5. [120]
    Returning back to the three mechanisms which the experts have identified as the cause or contribution towards the sinkholes and subsidence, that is:
    1. (a)
      the loss of sand through gaps in and around, and beneath the pipe outlet structure;
    2. (b)
      the loss of sand into the pipe through gaps in the pipes, from the ground around the pipe; and,
    3. (c)
      the loss of sand from around the pipe into voids within the bedding material beneath the pipe,

I am satisfied that each of these mechanisms relate either to the pipe, its engineering bedding, haunch and compacted fill material and/or the headwall through which the pipe passes. I find that each of those elements (i.e., the pipe, its engineering bedding, haunch and compacted fill material and/or the headwall through which the pipe passes) were created for the purpose of facilitating the construction and ongoing operation of the pipeline and are therefore matters for which the defendant is responsible. I am satisfied that each of these mechanisms fall within the defendant’s responsibilities.[109] These are matters for which the plaintiffs ought bear no responsibility given they are not responsible for the pipe, its engineering bedding, haunch and compacted fill material and/or the headwall section through which the pipe passes, despite the wall being located within the plaintiffs’ property.

Have the Plaintiffs Established a Case of Nuisance Against the Defendant?

  1. [121]
    A number of useful principles regarding nuisance were succinctly identified by Rosengren DCJ in Turner v Kubiak [2020] QDC 223 at [60] – [63]:

“[60] There is little dispute between the parties regarding the elements of the tort of nuisance. A mere interference that causes damage does not constitute a nuisance.[110] A balance has to be achieved between the right of an occupier to do as they desire with their own land and the right of their neighbour not to be interfered with.[111] The plaintiffs plead that the excess water has caused an unreasonable interference. However, to be actionable as a nuisance, the interference with the plaintiffs’ use and enjoyment of the property must be both substantial and unreasonable.

[61] Whether there has been a substantial interference is a question of fact.[112] Whether the interference is also unreasonable involves weighing the respective rights of the parties in the use of their properties. It calls for consideration of a variety of factors including:[113]

“… the nature and extent of the harm or interference; the social or public interest value in the defendant’s activity; the hypersensitivity (if any) of the user or use of the claimant’s land; the nature of established uses in the locality (eg residential, industrial, rural); whether all reasonable precautions were taken to minimise any interference; and the type of damage suffered.”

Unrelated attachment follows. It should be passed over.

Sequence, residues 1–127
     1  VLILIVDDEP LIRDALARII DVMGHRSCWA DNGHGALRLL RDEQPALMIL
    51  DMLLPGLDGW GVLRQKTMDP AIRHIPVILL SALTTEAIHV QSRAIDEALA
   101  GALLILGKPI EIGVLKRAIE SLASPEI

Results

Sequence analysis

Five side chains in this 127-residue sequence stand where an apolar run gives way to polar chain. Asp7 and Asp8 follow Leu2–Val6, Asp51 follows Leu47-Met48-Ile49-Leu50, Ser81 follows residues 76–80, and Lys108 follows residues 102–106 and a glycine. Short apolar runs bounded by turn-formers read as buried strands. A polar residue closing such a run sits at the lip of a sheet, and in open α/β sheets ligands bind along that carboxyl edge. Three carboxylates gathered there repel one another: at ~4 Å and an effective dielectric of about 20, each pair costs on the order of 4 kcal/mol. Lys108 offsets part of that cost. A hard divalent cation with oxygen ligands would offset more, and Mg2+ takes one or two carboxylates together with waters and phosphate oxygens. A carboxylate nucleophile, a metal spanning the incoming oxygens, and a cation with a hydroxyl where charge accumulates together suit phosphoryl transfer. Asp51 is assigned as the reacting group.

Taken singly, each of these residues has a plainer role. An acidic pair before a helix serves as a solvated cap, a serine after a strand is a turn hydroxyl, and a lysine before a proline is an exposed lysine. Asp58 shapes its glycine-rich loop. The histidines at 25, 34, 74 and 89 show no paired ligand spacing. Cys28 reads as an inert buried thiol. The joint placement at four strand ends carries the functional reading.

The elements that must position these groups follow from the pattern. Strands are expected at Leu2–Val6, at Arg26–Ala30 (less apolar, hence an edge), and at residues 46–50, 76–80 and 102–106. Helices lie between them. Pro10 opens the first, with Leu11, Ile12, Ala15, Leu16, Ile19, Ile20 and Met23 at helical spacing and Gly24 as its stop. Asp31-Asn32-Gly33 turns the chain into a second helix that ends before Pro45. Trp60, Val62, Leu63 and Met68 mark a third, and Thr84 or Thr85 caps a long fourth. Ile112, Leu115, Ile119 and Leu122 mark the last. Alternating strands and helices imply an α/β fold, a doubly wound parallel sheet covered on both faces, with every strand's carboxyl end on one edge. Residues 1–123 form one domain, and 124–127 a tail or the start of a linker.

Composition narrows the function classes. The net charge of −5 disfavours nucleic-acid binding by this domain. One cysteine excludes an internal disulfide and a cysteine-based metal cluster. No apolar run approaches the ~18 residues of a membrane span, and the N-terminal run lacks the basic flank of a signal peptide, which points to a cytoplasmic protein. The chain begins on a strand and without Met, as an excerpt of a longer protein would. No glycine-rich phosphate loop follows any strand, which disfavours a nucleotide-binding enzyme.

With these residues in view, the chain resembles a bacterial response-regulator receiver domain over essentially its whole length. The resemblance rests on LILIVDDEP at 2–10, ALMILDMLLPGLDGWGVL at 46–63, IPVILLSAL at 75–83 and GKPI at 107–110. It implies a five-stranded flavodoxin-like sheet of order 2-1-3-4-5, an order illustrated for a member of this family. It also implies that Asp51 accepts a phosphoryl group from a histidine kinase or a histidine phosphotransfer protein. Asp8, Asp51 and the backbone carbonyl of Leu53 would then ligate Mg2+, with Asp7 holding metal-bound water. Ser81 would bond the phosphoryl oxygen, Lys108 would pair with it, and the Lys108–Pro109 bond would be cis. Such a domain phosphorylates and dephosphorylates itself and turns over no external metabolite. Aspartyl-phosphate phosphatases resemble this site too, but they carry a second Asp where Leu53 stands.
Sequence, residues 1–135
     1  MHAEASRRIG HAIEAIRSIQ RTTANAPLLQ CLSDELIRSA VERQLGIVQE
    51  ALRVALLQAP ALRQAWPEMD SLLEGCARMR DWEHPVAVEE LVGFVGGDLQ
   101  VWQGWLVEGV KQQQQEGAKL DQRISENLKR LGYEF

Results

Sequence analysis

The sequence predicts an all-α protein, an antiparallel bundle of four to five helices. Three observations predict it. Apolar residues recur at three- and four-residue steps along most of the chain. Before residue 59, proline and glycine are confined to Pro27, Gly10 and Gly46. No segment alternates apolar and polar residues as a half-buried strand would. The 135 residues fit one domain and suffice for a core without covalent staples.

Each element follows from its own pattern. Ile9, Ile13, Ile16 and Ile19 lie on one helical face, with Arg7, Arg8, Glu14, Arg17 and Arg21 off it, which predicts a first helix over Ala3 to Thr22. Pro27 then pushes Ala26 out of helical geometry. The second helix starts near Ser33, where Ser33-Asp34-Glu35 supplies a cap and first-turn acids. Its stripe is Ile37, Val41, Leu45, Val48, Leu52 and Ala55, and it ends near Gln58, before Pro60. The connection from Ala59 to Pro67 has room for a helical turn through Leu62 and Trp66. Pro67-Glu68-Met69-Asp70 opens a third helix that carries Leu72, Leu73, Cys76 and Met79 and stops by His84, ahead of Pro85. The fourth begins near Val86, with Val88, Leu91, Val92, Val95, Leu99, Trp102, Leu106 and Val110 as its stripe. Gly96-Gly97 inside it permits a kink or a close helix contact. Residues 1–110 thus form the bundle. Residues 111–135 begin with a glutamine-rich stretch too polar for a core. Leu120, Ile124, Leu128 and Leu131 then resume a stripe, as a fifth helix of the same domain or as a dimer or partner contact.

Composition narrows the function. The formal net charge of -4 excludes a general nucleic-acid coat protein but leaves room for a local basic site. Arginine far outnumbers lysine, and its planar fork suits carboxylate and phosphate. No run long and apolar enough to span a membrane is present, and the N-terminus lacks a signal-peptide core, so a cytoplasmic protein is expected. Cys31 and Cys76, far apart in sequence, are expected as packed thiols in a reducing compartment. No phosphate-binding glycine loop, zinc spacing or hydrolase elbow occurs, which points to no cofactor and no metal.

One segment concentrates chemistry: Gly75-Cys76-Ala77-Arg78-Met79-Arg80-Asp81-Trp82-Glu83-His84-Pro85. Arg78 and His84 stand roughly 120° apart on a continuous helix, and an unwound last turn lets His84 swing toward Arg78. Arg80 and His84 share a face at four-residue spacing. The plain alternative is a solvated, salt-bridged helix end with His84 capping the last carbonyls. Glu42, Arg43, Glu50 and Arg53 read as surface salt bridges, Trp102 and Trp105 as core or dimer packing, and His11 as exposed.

[62] In paragraph 24 of the defence, it is pleaded that the defendant did not build the Shed and Gravel Pit. However, this is not the end of the matter. This is because an occupier of property does not need to create the nuisance for it to be actionable. The tort also encompasses situations where the occupier continues or adopts the nuisance.[114] This was addressed by Viscount Maughan in Sedleigh-Denfield v O'Callaghan[115] in the following way:

“[A]n occupier of land “continues” a nuisance if with knowledge or presumed knowledge of its existence he fails to take any reasonable means to bring it to an end though with ample time to do so. He “adopts” it if he makes any use of the erection, building, bank or artificial contrivance which constitutes the nuisance.”

[63] The test to show the requisite degree of knowledge requires a consideration of whether there is evidence of facts, matters or circumstances from which the occupier ought to have known of the nuisance.[116] An occupier with such knowledge or presumed knowledge is required to take steps as a reasonable person in their position would consider necessary to abate or minimise the risk of damage from the nuisance which is reasonably foreseeable.[117]

(my emphasis added)

  1. [122]
    The defendant submitted:
    1. (a)
      contrary to the suggestion on behalf of the plaintiffs, there is no novel aspect for determination in this case. This matter merely requires determination on the proper application of long established and well settled principles of law;
    2. (b)